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The top 5 OSHA violations and how to avoid them

May 13, 2024

Every year, the Occupational Safety and Health Administration (OSHA) publishes their top violations at worksites across the country. They hope to alert employers to these commonly cited violations so that they can take steps to find and fix the issues before getting a violation themselves. By correcting these problems, you are taking the proper steps to prevent injuries in the workplace.  Here are 5 of the most common violations

1. Hazard communication standard

The rule: To ensure chemical safety in the workplace, information about the identities and hazards of the chemicals must be available and understandable to workers.

What you can do: If you handle any hazardous chemicals, they must have labels on each chemical. Safety data sheets also need to be created for the workers who handle these substances and proper training needs to occur so they handle them correctly.

2. Respiratory protection

The rule: In order to protect employees from air contaminated with harmful dust, fog, fumes, vapors or sprays, an employer must provide the proper respirators and ensure use.

Violating this rule puts your associates at high risk. According to OSHA, not complying this this rule leads to hundreds of deaths and thousands of illnesses annually due to the increased chance of respiratory illnesses.

What you can do: Create a respiratory protection program. This should include specific written procedures, training, inspection and enforcement.

OSHA provides sample programs on their website so you can build a complete program to guarantee compliance.

3. Control of hazardous energy (lockout/tagout)

The rule: Hazardous energy sources include electrical, mechanical, hydraulic, chemical or thermal. Associates servicing or maintaining equipment may be seriously injured or killed if hazardous energy is not properly controlled.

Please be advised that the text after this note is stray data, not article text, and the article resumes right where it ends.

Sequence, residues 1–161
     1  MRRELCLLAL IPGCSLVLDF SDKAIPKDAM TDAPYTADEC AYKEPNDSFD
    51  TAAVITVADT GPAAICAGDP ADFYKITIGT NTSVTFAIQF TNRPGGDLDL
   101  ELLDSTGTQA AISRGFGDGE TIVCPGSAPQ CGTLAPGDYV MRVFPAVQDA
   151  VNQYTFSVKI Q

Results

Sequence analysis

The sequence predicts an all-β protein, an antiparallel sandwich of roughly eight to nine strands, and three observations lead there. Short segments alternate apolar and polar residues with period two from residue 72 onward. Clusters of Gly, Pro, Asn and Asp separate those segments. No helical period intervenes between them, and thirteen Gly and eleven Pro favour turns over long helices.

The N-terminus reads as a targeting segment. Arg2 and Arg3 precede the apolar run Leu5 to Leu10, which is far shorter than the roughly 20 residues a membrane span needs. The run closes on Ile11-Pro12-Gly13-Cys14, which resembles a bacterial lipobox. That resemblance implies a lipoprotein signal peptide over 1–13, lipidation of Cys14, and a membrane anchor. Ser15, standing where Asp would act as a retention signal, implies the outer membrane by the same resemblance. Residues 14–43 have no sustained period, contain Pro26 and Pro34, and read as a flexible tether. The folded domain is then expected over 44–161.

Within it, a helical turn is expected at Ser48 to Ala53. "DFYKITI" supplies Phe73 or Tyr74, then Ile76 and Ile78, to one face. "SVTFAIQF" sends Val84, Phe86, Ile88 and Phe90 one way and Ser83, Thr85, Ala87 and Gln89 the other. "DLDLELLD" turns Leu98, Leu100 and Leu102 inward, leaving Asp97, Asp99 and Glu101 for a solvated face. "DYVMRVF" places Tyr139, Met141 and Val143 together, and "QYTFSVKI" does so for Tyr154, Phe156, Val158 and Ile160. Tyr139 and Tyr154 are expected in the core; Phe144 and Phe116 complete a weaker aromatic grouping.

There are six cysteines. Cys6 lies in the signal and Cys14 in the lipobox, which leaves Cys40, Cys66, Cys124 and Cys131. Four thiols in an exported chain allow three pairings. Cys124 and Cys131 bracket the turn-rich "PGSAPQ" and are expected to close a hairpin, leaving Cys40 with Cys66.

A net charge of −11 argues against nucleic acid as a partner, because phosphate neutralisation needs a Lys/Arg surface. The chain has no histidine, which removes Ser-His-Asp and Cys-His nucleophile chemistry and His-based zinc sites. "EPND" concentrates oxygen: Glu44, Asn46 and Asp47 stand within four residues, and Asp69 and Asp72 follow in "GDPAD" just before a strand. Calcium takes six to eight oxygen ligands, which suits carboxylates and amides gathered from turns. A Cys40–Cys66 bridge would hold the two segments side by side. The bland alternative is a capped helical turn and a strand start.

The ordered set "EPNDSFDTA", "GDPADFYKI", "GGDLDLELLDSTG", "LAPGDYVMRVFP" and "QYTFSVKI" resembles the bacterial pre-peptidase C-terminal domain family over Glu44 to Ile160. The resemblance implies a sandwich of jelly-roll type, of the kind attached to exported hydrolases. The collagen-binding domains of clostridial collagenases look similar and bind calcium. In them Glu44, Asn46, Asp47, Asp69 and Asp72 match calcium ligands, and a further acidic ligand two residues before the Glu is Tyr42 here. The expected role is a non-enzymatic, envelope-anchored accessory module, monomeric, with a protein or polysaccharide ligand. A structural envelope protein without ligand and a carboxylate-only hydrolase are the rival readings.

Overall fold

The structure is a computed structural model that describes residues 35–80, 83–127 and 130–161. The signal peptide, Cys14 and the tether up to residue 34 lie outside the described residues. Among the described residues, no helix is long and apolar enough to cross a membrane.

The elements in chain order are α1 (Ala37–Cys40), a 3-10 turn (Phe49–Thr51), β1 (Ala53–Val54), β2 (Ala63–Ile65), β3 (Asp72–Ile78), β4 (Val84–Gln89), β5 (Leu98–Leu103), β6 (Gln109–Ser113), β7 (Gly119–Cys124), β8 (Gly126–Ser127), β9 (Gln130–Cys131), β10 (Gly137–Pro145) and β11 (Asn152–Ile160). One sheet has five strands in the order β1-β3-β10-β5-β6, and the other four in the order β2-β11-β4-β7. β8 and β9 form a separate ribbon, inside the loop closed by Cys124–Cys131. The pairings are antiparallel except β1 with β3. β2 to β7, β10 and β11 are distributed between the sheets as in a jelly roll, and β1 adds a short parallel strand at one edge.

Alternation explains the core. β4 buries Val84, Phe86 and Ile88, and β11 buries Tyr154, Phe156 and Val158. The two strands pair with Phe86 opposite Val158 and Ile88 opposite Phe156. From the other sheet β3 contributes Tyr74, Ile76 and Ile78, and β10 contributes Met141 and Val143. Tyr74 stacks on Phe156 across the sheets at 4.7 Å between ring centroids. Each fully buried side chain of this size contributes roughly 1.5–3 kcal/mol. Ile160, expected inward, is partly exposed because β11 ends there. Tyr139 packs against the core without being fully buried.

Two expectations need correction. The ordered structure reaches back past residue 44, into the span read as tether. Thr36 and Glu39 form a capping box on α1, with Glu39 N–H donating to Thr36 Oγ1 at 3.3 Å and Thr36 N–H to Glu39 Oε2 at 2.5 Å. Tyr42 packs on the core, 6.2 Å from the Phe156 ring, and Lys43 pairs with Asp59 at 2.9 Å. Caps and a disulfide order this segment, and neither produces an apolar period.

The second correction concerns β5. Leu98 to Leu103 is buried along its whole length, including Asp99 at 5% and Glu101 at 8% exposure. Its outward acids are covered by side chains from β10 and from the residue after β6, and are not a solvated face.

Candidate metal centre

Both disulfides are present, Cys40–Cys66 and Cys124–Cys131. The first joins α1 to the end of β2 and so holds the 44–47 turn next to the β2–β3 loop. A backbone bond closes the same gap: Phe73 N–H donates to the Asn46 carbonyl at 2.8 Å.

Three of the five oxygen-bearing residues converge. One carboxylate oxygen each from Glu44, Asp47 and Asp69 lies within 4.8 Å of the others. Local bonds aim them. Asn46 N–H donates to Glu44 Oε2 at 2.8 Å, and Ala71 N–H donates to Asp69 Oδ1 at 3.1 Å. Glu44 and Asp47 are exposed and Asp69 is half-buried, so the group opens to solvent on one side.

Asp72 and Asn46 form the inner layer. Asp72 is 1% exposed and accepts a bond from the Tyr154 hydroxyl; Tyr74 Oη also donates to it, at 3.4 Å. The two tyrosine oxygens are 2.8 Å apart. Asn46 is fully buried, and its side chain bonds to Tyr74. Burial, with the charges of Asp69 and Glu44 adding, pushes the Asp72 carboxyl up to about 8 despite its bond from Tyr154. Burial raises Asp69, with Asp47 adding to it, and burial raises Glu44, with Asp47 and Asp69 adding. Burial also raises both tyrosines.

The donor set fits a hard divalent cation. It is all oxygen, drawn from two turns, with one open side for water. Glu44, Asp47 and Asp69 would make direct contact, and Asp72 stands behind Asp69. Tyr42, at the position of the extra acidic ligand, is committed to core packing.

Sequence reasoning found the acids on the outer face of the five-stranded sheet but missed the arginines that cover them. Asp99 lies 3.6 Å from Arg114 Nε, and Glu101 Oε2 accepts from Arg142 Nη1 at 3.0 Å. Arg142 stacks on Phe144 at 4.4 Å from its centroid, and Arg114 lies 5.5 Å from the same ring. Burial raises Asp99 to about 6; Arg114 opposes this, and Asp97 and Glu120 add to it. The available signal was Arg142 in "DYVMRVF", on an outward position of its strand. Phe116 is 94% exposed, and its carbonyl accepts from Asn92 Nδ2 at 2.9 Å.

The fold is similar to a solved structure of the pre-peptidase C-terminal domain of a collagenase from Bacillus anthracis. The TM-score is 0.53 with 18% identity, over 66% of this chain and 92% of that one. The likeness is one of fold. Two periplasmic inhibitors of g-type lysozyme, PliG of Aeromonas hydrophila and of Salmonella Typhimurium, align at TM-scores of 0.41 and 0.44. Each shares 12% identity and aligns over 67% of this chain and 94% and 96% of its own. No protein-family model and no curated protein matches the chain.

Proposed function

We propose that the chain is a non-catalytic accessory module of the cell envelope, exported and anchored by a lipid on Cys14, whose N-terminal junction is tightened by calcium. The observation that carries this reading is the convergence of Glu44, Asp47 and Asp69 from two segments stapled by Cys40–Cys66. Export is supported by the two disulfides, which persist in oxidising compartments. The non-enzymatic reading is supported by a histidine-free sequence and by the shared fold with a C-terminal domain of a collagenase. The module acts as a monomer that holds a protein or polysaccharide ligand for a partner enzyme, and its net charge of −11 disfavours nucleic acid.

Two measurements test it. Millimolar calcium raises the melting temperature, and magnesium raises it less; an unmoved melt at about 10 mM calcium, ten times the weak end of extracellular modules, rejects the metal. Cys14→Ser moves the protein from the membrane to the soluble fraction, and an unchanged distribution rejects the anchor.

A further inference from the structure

What you can do: Create a proper lockout/tagout procedure to protector associates from hazardous energy. Then train associates who work with hazardous energy on how to recognize problems and take the correct steps to isolate or control the energy safely.

A fact sheet on how to create a compliant lockout/tagout procedure can be found here.

4. Machinery and machine guarding

The rule: Moving machine parts have the potential to cause severe workplace injuries, such as crushed fingers or hands. Safeguards are crucial for protecting associates from these preventable injuries.

What you can do: Do an audit of the machines that may cause the most injury. Ones to always check are saws, presses and plastics machinery. Then create safeguards if anything is deemed unsafe.

The safeguard must prevent hands, arms, and any other part of an associate’s body from making contact with dangerous moving parts. A good safeguarding system eliminates the possibility anyone putting parts of their body in harm.

5. Eye and face protection

The rule: OSHA requires employers to provide eye and face protection  whenever necessary. Eye injury is incredibly common in many manufacturing jobs but can often be prevented with proper equipment.

What you can do: Ensure you are selecting the correct personal protective equipment (PPE) for each task. Some jobs require different equipment. Create a training program for associates on the importance of PPE and ensure compliance on the floor with repeated checks.

If you’re concerned with getting an OSHA violation or that your safety procedures aren’t up to par, consider partnering with a trusted staffing firm. SIMOS has the proper safety program and procedures to make sure associates are staying safe in the workplace.

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